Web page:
The Open Society and Its Beneficiaries

May 12, 2016

Britain will become the first G-20 country to publish the identities of the owners of companies registered here. Australia has announced that it will do the same.

We can argue about whether British ministers should force the Crown Dependencies and Overseas Territories to follow suit. The British government does have feudal royal powers which means they could do this, but that isn’t the same as saying they should override local democracies in these countries. (I personally think the UK should use its influence over these countries to make them open up.)

Either way, Britain can’t make the State of Delaware (state motto: Liberty and Independence) publish the names of the owners of companies registered there.

That’s why David Cameron’s announcement today about owning property in the UK is so interesting.

Companies that own property in the UK are going to have to publish the names of their owners, in a publicly-accessible registry. And they will also have to list their owners if they want to get a contract from the UK government.

That will apply to companies equally, whether they are registered in London, Moscow or Delaware.

This is a clever way to project the requirement of openness onto jurisdictions that the UK doesn’t control.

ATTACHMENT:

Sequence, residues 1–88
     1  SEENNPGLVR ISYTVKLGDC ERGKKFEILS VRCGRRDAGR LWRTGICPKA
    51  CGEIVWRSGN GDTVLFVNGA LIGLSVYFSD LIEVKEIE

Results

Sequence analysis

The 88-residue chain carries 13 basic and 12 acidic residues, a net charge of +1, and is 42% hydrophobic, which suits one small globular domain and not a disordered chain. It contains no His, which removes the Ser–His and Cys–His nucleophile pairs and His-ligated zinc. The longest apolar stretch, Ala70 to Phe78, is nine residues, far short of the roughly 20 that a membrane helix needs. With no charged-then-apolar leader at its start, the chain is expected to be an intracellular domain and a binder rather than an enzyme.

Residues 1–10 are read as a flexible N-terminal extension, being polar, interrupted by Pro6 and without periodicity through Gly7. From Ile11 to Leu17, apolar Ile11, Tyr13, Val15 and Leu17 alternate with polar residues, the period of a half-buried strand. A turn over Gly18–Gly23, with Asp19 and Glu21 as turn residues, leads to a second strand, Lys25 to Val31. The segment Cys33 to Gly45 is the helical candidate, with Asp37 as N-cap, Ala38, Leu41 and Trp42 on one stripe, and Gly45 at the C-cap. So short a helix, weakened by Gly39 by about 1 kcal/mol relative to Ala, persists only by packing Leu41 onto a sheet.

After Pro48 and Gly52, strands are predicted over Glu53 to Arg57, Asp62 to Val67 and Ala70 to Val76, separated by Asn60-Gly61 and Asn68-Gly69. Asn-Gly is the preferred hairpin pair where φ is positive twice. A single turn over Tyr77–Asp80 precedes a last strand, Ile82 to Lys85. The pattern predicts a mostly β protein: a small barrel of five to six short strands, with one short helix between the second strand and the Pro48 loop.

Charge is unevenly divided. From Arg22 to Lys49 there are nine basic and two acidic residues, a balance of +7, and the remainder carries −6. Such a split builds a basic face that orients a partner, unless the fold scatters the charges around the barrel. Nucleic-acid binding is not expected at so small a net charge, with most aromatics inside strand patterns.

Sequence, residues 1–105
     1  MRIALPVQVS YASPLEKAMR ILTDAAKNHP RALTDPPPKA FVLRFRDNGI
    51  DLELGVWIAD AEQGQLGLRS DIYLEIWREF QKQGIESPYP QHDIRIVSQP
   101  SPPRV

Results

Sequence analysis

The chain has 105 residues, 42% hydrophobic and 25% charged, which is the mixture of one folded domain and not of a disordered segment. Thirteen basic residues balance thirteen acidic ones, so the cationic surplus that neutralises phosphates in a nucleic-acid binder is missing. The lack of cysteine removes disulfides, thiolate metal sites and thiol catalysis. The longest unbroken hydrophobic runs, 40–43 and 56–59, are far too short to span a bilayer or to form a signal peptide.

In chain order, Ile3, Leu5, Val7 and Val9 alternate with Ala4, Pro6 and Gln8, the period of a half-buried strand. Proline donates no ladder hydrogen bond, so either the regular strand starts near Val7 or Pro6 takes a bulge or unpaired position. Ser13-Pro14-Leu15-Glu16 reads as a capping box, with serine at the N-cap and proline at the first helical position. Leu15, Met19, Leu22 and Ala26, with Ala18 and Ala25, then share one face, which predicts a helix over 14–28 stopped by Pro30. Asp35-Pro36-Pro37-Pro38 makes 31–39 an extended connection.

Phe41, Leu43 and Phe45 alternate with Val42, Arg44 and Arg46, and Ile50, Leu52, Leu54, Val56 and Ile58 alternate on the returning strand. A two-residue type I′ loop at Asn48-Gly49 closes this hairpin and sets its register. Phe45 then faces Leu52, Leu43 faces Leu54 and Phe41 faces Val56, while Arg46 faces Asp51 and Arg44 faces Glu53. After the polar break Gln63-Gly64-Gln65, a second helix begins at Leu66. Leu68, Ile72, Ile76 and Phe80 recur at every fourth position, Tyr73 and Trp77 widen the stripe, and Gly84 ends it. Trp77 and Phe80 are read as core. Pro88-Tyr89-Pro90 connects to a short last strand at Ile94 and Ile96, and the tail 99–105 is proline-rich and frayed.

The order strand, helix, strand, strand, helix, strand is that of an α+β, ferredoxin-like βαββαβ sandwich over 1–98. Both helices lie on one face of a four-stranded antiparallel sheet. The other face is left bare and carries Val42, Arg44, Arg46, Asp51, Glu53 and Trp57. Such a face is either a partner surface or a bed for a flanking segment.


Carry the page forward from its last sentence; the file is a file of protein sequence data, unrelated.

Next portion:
People want to own property in London because it is a safe, free, fair country.  But if you want to benefit from the prosperity that comes from living in a free and open society, you have to play by the rules.

I would like to see the UK government extend this principle still further.

Half the cases before UK commercial courts involve companies which are not registered in the UK. The rest of the world depends on our reputation for a fair, transparent legal system.

The benefits of Britain’s open and fair legal system should only be available to companies that publish the names of their owners in the new public registry.

Some companies will want to continue to hide the names of their owners. But then they’ll have to rely on other people’s institutions to enforce their contracts.

If you want to benefit from an open society, you have to be part of it.


CGD blog posts reflect the views of the authors, drawing on prior research and experience in their areas of expertise. CGD is a nonpartisan, independent organization and does not take institutional positions.